Like many iPhone users, I “jailbreak” my iPhone. I do this for many reasons, but mainly for console-level access and the darn cool infosec tools that are available through Cydia. Like many iPhone users, I was quite happy when the Electronic Frontier Foundation (EFF) was able to get jailbreaking included under “fair use” within the Digital Millennium Copyright Act. Like many iPhone users, I was also very happy to learn that Dev-Team would soon make remote jailbreaking possible by simply visiting their jailbreakme website. Alas my happiness was not to last.
While still at Defcon, I saw through Twitter that one exploit or another was being used to remotely jailbreak the iPhone. (I believe the first tweets I saw were from Brian Krebs.) I then saw posts from VUPEN that several flaws were being exploited. From their advisory:
Two vulnerabilities have been identified in Apple iOS for iPhone, iPad and iPod, which could be exploited by remote attackers to take complete control of a vulnerable device.
The first issue is caused by a memory corruption error when processing Compact Font Format (CFF) data within a PDF document, which could be exploited by attackers to execute arbitrary code by tricking a user into visiting a specially crafted web page using Mobile Safari.
The second vulnerability is caused by an error in the kernel, which could allow attackers to gain elevated privileges and bypass sandbox restrictions.
Note: These flaws are currently being exploited by jailbreakme to remotely jailbreak Apple devices.
Apple iPhone OS (iOS) versions 4.x
Apple iPhone OS (iOS) versions 3.x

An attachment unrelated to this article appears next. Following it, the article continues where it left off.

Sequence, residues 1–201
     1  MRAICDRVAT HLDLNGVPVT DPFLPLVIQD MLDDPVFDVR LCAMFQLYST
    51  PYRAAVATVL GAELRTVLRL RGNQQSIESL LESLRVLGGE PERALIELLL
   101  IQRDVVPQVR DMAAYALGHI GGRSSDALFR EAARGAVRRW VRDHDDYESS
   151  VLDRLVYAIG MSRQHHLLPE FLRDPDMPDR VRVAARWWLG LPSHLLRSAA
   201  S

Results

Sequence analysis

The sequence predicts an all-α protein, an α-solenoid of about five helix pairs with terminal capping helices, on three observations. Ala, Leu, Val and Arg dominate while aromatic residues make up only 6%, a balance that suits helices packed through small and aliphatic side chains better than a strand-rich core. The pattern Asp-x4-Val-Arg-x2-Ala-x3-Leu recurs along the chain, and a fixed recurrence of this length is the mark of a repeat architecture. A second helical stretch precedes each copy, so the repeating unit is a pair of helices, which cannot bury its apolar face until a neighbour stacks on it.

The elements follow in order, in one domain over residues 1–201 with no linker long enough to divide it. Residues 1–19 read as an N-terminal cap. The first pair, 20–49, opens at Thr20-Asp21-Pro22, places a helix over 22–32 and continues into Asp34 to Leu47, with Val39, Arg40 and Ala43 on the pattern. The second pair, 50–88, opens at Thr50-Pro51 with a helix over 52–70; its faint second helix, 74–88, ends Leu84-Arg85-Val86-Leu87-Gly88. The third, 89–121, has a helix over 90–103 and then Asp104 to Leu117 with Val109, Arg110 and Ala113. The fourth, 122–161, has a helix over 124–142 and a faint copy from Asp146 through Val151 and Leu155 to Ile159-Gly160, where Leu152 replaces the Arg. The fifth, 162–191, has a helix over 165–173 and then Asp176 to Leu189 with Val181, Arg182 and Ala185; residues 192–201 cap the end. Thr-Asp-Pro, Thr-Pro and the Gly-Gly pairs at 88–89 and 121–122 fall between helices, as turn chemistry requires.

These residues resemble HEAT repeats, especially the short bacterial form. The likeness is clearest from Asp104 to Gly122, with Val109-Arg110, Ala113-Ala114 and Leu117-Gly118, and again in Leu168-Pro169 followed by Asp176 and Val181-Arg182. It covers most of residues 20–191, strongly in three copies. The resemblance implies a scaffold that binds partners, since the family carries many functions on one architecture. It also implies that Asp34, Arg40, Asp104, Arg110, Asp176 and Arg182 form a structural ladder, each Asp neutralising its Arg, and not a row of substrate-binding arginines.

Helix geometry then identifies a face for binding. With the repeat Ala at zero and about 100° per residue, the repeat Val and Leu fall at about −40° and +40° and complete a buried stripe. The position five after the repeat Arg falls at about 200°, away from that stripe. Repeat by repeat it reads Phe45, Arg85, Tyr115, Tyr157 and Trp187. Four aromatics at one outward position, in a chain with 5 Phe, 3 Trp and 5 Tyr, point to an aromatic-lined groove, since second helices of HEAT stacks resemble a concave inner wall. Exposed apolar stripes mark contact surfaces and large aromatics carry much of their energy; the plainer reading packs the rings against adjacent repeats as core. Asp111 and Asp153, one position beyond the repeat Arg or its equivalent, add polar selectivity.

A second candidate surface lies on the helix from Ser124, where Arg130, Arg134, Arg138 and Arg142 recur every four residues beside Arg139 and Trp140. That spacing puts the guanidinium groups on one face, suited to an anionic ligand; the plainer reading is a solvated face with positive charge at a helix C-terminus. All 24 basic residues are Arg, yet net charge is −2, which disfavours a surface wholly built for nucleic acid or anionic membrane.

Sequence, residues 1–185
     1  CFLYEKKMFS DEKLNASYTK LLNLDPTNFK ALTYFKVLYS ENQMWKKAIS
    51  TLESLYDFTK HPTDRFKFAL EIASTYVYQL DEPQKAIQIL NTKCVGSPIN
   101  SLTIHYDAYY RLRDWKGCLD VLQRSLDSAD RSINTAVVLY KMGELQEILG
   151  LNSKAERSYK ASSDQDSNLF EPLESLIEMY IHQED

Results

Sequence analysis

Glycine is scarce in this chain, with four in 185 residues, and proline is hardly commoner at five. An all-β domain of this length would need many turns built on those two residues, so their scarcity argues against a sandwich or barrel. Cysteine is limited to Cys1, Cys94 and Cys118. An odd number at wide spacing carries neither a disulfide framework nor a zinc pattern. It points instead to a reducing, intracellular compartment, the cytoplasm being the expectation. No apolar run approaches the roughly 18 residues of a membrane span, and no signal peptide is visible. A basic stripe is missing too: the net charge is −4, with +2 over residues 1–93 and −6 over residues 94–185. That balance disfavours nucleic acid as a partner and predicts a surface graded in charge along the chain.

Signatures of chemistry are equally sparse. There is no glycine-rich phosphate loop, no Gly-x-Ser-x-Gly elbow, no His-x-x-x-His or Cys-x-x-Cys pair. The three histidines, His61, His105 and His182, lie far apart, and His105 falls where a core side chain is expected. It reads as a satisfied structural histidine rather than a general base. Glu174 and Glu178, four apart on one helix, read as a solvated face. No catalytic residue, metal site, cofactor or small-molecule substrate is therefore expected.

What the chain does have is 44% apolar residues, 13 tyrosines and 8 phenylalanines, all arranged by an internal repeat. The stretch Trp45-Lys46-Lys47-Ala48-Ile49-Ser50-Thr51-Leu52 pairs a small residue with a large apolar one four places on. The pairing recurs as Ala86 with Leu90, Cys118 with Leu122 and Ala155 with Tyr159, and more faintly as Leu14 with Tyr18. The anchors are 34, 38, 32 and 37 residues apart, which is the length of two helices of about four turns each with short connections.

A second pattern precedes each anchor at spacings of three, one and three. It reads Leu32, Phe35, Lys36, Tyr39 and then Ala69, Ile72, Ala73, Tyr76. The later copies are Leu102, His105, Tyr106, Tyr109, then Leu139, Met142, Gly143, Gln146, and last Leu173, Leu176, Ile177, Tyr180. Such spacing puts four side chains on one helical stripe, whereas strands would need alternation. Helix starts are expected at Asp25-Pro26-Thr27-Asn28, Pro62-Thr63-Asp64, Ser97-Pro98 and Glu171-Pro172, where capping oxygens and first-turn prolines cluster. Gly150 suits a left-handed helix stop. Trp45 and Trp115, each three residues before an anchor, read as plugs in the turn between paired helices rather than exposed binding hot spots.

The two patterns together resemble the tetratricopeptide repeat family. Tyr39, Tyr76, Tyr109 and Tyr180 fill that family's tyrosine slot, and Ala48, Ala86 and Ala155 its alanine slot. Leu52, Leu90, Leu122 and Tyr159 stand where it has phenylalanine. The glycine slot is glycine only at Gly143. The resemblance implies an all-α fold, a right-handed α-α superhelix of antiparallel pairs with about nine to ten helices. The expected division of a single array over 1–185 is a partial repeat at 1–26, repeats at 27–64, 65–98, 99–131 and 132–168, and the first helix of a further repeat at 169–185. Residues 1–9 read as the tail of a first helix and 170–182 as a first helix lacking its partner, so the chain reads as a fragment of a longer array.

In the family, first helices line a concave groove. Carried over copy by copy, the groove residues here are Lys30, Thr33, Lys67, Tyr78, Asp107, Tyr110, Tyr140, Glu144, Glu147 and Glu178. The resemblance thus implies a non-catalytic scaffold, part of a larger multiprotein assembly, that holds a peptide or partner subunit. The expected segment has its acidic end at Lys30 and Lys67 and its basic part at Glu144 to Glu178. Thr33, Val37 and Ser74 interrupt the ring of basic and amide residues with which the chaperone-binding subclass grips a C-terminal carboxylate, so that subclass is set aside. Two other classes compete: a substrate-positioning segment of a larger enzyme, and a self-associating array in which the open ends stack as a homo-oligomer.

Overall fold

Apple iPod OS (iOS) versions 4.x
Apple iPod OS (iOS) versions 3.x
Apple iPad OS (iOS) versions 3.x
VUPEN Security is not aware of any vendor-supplied patch.
Did you notice the line “VUPEN is not aware of any vendor-supplied patch”? In the security business we call those zero-day vulnerabilities. We call code that takes advantage of zero-day vulnerabilities zero-day exploits. (I have not seen confirmation from Apple that these are in fact zero-day vulnerabilities, so keep that in mind).
I hope I am not the only one who is bothered by this because it begs the question “What else can this be used for?” Vulnerabilities with reliable exploit code tend to get reused and repurposed for other attacks/malware/uses. Just look at the .LNK vulnerability that Microsoft fixed yesterday via an out-of-band patch. It originally targeted power-plant control systems as the Stuxnet worm and then appeared in more mainstream malware because it was an unpatched vulnerability with working exploit code. Read this article in The Register for a real nice breakdown of it.
This should serve as a wake-up call for anyone with a mobile device: Remote exploitation is real and here to stay. For now these vulnerabilities are being used only (as far as we know) to jailbreak iPhones, but they could be used to do many other things to iPhones and their owners around the world.
Follow us to stay updated on all things McAfee and on top of the latest consumer and mobile security threats.